We only stood for about an hour and mostly watched from the car, but saw a decent amount in a short time. We could barely walk around though because it was really buggy even with spray on.

Overall, I had mixed feeling about this trip. The rookery was amazing, but it was a little confusing to get around and pretty crowded. It may be nice to visit in the fall when it’s less crowded. I am glad we tried something different though.


Laughing Gull: Seashore Saturday

I was unsure about what seabird I wanted to write about this week. Earlier in the day I was hanging out with my mom and brought up my predicament. She reads all my posts, so I wanted to know what she wanted to read about.

“Oh, you should write about the seagull!”, she suggested. I liked that idea. I asked her what kind.

“You know, the seagull.”, she replied. Her response was an extremely common answer that you would get from a majority of people. But it’s actually not correct (sorry Mom, no one else realizes that either! 🙂 )

A lot of people are surprised to find this out, but there is no such thing as a seagull. You read that right: it doesn’t exist. But about 98% percent of people I talk to have no clue that there are no seagulls, only gulls. The term “Seagull” is the informal layperson’s word that is used all around the world to refer to members of the Laridae family, or gulls. There are 27 species of gull in North America. The word Laridae is Greek and means “ravenous sea bird”. This week’s featured bird is the Laughing Gull, which is a summertime visitor here at the Jersey Shore.

Laughing Gull (Leucophaeus atricilla)


Laughing Gulls are medium-sized gulls that have long wing/legs and stout bills. They are considered a “three-year gull”, meaning it takes 3 years for Laughing Gulls to reach adult plumage. In summer breeding plumage adults have black “hood” plumage on their heads/black wing tips, white underparts/eye-arcs, and a drooped red bill. In non-breeding winter plumage their black heads change to a blurry gray mask on white. Throughout the year adults have gray wings and black feet. Immature birds are browner.


Resident to long-distant migrant. Year-round resident south of Virginia through the Gulf Coast and west coast of Mexico. Migrating populations spend the winter in Central and South America and spend the summer in the Northeastern United States.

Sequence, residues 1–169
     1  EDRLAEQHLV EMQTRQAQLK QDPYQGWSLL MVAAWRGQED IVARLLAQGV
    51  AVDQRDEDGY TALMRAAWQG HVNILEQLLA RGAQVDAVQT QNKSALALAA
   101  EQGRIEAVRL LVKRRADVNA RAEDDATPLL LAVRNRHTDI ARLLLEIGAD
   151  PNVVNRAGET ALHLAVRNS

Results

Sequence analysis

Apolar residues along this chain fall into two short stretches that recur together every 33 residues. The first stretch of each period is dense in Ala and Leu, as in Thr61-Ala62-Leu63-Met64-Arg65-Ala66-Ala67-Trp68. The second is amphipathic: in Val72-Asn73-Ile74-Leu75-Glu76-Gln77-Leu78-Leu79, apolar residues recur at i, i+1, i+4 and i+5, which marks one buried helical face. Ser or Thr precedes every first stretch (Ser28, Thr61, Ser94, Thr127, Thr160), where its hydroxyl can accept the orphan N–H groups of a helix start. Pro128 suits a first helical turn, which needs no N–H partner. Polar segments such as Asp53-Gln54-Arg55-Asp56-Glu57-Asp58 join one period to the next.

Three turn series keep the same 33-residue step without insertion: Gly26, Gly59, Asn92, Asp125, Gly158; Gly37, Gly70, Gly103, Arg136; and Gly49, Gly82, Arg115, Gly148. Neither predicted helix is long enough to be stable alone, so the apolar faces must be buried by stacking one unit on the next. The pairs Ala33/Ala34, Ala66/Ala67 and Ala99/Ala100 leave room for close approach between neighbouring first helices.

Atlantic and Gulf Coast saltwater beaches and marshes. Can also be found at parks, landfills, or parking lots where food is readily available.


Laughing Gulls have a highly-varied diet. They eat insects, fish, invertebrates, squid, and crabs while they gather while walking the beach, swimming, or stealing from other birds. They are scavenger, and will eat human-made objects such as garbage and refuse from boats. Laughing Gull are notorious for eating anything toss by or offered from beachgoers. (Or sometimes food not offered by beachgoers. I certainly have had Laughing Gulls steal food from me while living at the shore!)


Laughing Gulls breed in large colones, often mixed with other gulls, American Oystercatchers, and Black Skimmers. Colonies can be up to 25,000 pairs and thousands of nests. Both sexes help construct the nest out of grasses/seaweed on the ground or under shrubs in some regions. They have 1 brood with a clutch size of 2-4 eggs which are incubated by both sexes for about 20 days. The young leave the nest within a few days of hatching and are feed by the parents. They start with half-digested food and transition to solid food as they grow. Their first flights are at about 5 weeks old.

Juvenile Laughing Gull (Image via wikimedia commons)


They are named “Laughing” Gulls because their loud nasal descending calls sound like laughing.

(Image by Gregory R. Mann, Ph.D. via otlibrary.com)

Fun Facts:

  • Sometimes Laughing Gulls will eat the young or eggs of other birds. According to the Cornell Lab of Ornitholgy, John Jame Audubon saw Laughing Gulls eating Brown Noddy and Sooty Tern eggs/chicks. They also eat Royal Tern eggs sometimes.
  • They are known to steal food from birds that are much larger than them, such as Ospreys and Pelicans.
  • Laughing Gulls are monogamous and stay with the same mate for several breeding seasons.